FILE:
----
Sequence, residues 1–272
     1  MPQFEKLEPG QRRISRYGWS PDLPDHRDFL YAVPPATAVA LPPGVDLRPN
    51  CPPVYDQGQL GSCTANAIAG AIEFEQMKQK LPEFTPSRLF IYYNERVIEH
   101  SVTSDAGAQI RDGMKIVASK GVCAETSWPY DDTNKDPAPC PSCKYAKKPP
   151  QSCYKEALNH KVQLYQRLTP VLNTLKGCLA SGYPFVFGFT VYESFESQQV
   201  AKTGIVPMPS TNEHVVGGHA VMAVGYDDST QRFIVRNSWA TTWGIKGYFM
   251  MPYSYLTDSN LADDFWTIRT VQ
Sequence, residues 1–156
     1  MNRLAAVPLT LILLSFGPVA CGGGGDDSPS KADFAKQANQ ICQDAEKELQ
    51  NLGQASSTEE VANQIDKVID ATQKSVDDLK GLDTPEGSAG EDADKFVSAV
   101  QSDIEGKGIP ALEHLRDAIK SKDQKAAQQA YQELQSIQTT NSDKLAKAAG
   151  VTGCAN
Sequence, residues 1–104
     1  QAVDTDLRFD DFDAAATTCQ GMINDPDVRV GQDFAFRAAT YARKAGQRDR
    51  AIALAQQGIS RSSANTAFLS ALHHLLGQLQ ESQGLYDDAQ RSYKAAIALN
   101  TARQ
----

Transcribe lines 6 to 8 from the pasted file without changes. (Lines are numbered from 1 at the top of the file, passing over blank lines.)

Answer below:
   201  AKTGIVPMPS TNEHVVGGHA VMAVGYDDST QRFIVRNSWA TTWGIKGYFM
   251  MPYSYLTDSN LADDFWTIRT VQ
Sequence, residues 1–156